The contribution of the doctor to the functioning of the whole team has implications for their roles, which goes beyond the obvious need for clinical competence. South Africa has recently defined these roles in some detail (Figure 1). In India, medical doctors working in PHC often complain that they are assigned administrative or managerial roles rather than being expected to work as clinicians. In China, because the primary care service is so underutilised, the clinical staff are often given public health tasks to complete, for example, to conduct HIV/sexually transmitted infections surveillance. In Brazil, FPs must also develop skills related to clinical governance; for example, they should know about the existing information systems in the national health system and how to analyse the data available, to assess health actions and to conduct health planning in their area.

All of these countries have recognised the importance of postgraduate training for family medicine or primary care, although the numbers of doctors with this training are small and insufficient to meet the needs. Brazil and China appear to have fully engaged with this issue in policy and planning with active strategies to attract, train and retain doctors in a career in primary care. South Africa appears to retain some ambivalence about FPs. On the one hand they are mentioned in policy, such as the national development plan, but on the other hand still struggle for registrar and FP posts. India appears to still be debating the issue and has not implemented its policy.

The underlying issue appears to be whether countries can afford to pay for more highly trained FPs and whether the extra cost would be worth it in terms of better health outcomes and a more functional district health care system. There are also concerns as to whether FPs are appropriately trained for the local community needs or whether training is based on imported curricula from high-resource settings. In South Africa, the government appears more convinced about the need for FPs at the district hospital than in primary care. There is a need for more evidence on the impact of FPs in low- and middle-income country settings.

One critical conceptual difference is the extent to which the doctor is orientated towards the community or the facility. Part of Brazil’s success appears to be its commitment to community-orientated primary care (COPC) at the heart of its PHC system, and South Africa is starting to introduce this approach. This changes the fundamental orientation of the system from being reactive, curative and facility-based to being proactive, preventative and community-based [22]. For example, in South Africa, the COPC approach has shown great promise in tackling the TB epidemic as this allows the identification of untreated TB patients and contacts, who would not be found in a facility-based approach [23]. China, however, appears committed to a more facility-based primary care system and has shied away from COPC as a reaction to the public’s lack of confidence in “barefoot doctors”.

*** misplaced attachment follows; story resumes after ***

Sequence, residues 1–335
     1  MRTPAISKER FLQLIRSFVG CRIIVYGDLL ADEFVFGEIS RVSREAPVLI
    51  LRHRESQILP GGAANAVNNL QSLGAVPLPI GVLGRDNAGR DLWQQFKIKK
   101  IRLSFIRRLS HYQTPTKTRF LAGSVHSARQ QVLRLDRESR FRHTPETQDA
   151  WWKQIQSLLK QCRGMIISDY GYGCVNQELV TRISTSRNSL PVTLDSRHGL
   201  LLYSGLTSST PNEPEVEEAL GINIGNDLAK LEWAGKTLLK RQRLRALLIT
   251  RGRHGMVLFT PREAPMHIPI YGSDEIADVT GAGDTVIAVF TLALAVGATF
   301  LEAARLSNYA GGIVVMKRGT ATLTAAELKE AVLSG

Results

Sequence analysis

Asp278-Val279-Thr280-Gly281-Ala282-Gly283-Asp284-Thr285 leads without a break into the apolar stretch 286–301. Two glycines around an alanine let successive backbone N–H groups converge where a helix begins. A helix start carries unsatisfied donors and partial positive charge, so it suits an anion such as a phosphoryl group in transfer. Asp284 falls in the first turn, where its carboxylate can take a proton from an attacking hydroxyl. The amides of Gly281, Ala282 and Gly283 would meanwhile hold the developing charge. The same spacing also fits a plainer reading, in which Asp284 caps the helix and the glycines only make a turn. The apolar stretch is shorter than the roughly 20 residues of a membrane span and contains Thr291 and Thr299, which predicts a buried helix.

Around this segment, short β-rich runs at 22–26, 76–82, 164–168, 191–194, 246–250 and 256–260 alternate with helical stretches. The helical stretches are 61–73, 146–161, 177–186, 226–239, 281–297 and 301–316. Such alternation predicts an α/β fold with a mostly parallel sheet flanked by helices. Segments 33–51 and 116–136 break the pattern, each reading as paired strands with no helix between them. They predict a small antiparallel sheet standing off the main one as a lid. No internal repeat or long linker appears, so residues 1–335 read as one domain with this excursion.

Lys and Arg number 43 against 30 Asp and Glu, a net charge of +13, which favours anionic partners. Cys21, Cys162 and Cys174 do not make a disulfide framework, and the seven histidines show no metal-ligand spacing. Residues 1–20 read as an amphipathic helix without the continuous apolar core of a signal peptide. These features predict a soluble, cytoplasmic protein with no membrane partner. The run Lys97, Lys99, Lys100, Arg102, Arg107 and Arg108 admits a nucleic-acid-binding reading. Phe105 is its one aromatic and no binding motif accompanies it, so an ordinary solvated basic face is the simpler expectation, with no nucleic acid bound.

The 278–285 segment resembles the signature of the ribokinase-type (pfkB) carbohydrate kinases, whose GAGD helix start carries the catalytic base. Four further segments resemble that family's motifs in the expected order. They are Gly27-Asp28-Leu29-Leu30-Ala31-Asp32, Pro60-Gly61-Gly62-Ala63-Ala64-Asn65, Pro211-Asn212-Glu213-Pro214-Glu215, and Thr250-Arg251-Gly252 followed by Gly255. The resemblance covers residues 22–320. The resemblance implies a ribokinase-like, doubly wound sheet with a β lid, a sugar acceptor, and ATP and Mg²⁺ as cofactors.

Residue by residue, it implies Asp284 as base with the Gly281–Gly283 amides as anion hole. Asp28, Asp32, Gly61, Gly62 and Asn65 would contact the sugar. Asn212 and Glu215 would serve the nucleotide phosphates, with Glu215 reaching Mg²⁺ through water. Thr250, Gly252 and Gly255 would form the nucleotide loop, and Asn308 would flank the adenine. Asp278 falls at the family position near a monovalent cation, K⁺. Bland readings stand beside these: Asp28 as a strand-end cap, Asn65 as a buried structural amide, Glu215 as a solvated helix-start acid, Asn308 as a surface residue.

In South Africa and India, the need for FPs to have an extended range of skills in anaesthesia, obstetrics and surgery is clear. This creates a tension between training FPs to offer these more procedural skills, for example, at the district hospital, where such skills are often missing, versus training them to be the front-line PHC workers as in Brazil and China.

In all these countries, the private sector does not reflect a PHC approach and often undermines it by offering direct access to specialist care that can be inappropriate and expensive.

Appropriate training for primary care

Going to scale with appropriately trained primary care doctors that are cost-effective appears to be the challenge faced by all these countries in strengthening PHC. The need for generalists to provide district hospital-type skills (e.g. anaesthesia, obstetrics and surgery) is also a feature of South Africa, China and India. A variety of strategies have been adopted in the short term to increase the number of primary care doctors, which include importing foreign (often Cuban) doctors, requiring all graduates to offer community service, requiring specialists to re-deploy as GPs or enlisting the help of other healing traditions (such as traditional Chinese herbalists or AYUSH practitioners).

Most countries have also introduced a variety of short courses and diplomas to re-orientate and up-skill the existing pool of primary care doctors (and in China even specialists) to serve the primary care system better.